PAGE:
Senate scraps upkeep overhaul efforts

by: Dara Kam

Florida Intelligence Service

Senate Republican leaders have stopped a consistently controversial effort to revise the state’s maintenance laws, saying they will make another attempt to revise it on Tuesday, April 20, during the next year’s legislature.

For nearly a decade, efforts to rewrite Florida’s maintenance laws have sparked emotional debates, including housewives and fathers who stay at home versus breadwinners who claim they are being forced to work past retirement in order to afford it will be able to make the necessary monthly payments to ex-spouse payments.

Former Governor Rick Scott, now a U.S. Senator, vetoed two amendments to the Maintenance Act before leaving Tallahassee in 2019. A debate on the subject led to a near-argument outside Scott’s office in 2016.

As in the past, supporters of this year’s effort – including the Florida Family Fairness group – opposed the Florida Bar’s Family Law Section and the Florida Chapter of the American Academy of Matrimonial Lawyers. Both sides again hired some of the most powerful lobby firms in the state.

This year’s proposal was again aimed at abolishing permanent maintenance payments and significantly reducing the duration of maintenance payments.

Senate sponsor Joe Gruters, R-Sarasota, told the Senate committee Tuesday that the goal of the proposal is to make retirement easier for older maintenance payers and to make divorces friendlier for couples who split up.

“The general ethos of the bill is to reduce litigation, reduce family struggles, and keep Florida families not using their property and money to pay divorce lawyers to the last cent,” Gruters said before calling on the committee to to temporarily postpone the bill until next year.

Gruter tore the proposal out of consideration after the House had discussed a similar measure (HB 1559) and prepared it for a vote. The annual legislative period is due to end on April 30th.

House Democrats have questioned bill sponsor Anthony Rodriguez, R-Miami, about a controversial provision that would require judges to begin by “guessing” that children should split their time evenly between parents. Scott has largely retained his veto on a 2016 alimony bill related to a similar child sharing provision.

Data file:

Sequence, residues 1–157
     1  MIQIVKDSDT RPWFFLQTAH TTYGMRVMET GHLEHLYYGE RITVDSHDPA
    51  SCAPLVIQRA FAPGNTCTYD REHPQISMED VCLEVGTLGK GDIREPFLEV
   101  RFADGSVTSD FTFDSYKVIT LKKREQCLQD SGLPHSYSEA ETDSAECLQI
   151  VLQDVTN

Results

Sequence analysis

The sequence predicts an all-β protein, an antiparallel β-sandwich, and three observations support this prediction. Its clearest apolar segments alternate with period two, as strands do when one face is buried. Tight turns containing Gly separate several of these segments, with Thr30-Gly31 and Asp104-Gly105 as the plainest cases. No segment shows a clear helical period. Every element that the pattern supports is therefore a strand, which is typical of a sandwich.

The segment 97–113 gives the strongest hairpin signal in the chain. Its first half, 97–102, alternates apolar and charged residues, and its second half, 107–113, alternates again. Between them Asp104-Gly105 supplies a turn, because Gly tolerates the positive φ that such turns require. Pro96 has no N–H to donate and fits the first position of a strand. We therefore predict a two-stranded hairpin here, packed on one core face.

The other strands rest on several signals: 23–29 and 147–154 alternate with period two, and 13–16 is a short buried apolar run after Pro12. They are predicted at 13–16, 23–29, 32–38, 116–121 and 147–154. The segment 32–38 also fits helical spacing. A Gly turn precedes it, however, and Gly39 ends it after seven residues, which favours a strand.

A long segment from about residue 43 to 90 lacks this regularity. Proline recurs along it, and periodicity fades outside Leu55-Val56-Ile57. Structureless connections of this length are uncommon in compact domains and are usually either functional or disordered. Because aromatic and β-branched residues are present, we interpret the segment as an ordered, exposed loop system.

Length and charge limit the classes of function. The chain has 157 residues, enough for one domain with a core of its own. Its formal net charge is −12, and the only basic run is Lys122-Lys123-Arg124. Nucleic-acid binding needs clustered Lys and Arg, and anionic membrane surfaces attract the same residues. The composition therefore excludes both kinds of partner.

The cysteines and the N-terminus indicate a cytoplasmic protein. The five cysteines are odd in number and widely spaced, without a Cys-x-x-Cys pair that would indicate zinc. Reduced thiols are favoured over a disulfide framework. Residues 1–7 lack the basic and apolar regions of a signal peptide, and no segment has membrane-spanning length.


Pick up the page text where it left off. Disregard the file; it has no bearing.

But Rodriguez said the 50-50 child division provision would simply codify into law where most judges currently start when making child division decisions.

“In most cases it is already practiced today,” said Rodriguez. “We want every child to have the appropriate amount of time (50-50) with each parent, provided that each parent is able and willing to care for that child. So we’re just trying to ratify the statute and say when you go to court there is a 50-50 standard starting point. “

Florida provides five types of child support under applicable law: “temporary,” which lasts during divorce proceedings; Bridge-the-Gap, which offers up to two years of payments for the transition from marriage to single; “Rehabilitation”, which supports an ex-spouse who is getting an education or schooling; “Permanent”, which allows ex-spouses to receive support for set periods of time; and “permanently”, which ends when one spouse dies or when the party receiving payments is remarried.

This year’s House proposal also included a provision that would allow judges to reduce or cancel a maintenance allowance, or order reimbursement to a maintenance payer if the court determines that there is a difference between the alimony ex-spouse and one Another person is in a “supportive relationship” or has existed “at any time during the 180 days” before an application for a change in maintenance is made. Under current law, maintenance payers are allowed to cancel payments if their exes remarry.

Rep. Alex Andrade, R-Pensacola, said the provision aims to end ex-spouses’ “gambling art”.

“What we saw in Florida is an unfortunate event where receiving alimony acts as a deterrent to the legal move to legal marriage while people share households,” Andrade said during the question-and-answer session on Tuesday session. “This bill reduces this type of game art and takes away the incentive not to marry again.”

Senate Rules Chairperson Kathleen Passidomo, a Naples Republican who is slated to serve as Senate president after the 2022 election, said lawmakers had received “hundreds of calls from people on both sides”.

“I know how difficult it is,” she said, encouraging Gruters to go back to work on the bill next year. “I think it’s smart to start early and get the stakeholders in the room and hopefully we can get consensus among all members.”

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